(3) They are to take this aggressive position in consistency with the awakening call of God. "Wherefore he saith, Awake, thou that sleepest, and arise from the dead, and Christ shall shine upon thee." The words are from Isaiah 60:1, 2, and receive from the apostle a Christian adaptation.

(a) It is a call to the child of darkness. He is described as sleeping and dead, that is, in sin. He is insensible to the infinite importance of spiritual and eternal things.

(b) It is a call to awake and arise. "Awake, thou that sleepest, and arise from the dead." He does not let the child of the night alone. He comes to the sleeper and bids him awake, to the dead and bids him arise. And in his very summons there is an awakening, quickening power.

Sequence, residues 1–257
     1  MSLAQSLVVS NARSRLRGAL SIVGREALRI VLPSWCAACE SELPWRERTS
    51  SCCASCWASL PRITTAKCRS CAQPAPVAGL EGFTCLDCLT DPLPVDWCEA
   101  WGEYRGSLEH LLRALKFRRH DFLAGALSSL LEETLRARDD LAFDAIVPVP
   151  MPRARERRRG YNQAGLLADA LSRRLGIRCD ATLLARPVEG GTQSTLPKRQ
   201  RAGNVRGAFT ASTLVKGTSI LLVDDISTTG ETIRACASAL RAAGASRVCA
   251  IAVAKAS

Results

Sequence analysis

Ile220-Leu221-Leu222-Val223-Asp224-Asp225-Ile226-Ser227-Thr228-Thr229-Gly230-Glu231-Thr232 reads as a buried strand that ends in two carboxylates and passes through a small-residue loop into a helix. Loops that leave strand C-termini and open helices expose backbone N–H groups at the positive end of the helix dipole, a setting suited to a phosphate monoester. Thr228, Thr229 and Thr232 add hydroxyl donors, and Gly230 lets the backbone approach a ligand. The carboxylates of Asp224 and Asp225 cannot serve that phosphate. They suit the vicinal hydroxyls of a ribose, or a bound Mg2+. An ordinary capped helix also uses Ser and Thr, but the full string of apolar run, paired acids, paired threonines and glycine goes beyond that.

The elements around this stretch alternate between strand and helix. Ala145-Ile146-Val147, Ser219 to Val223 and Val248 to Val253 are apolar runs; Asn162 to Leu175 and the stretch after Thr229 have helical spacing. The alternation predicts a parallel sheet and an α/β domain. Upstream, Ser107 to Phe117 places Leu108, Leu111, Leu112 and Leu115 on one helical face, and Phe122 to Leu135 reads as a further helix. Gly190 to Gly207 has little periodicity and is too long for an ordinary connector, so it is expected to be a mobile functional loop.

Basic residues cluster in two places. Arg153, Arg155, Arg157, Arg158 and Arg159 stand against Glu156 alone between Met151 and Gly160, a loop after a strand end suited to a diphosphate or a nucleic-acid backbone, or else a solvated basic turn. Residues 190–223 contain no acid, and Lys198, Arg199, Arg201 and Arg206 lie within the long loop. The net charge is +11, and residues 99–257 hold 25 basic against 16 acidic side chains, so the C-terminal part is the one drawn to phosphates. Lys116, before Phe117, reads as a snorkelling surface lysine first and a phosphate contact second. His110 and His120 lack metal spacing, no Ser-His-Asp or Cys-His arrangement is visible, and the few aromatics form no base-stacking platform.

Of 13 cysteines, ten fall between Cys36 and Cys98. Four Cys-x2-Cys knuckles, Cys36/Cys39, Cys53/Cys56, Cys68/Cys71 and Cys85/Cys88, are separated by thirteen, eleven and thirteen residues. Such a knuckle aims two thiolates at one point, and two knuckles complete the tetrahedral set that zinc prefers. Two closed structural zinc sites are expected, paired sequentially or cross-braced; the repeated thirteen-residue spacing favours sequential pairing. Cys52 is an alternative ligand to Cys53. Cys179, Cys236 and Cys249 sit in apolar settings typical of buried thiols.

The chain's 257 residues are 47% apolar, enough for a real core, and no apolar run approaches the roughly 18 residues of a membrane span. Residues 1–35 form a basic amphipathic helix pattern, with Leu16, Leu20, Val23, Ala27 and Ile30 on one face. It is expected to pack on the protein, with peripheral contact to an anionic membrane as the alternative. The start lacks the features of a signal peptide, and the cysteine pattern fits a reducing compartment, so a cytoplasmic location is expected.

(c) It is a call to which a promise is attached. "And Christ shall shine upon thee." As if it were said, "The sun is already up, and will pour his enlightening rays upon thee." So while we are sleeping and dead in our sin, it is true that the Sun of righteousness is up shining upon this world of ours, and we must up and catch his rays. Other men are up and doing their work under the light of this Sun; why should we be asleep and dead in sin? - R.F.

Parallel Verses
KJV: Be ye therefore followers of God, as dear children;

WEB: Be therefore imitators of God, as beloved children.

Two Methods of Imitating God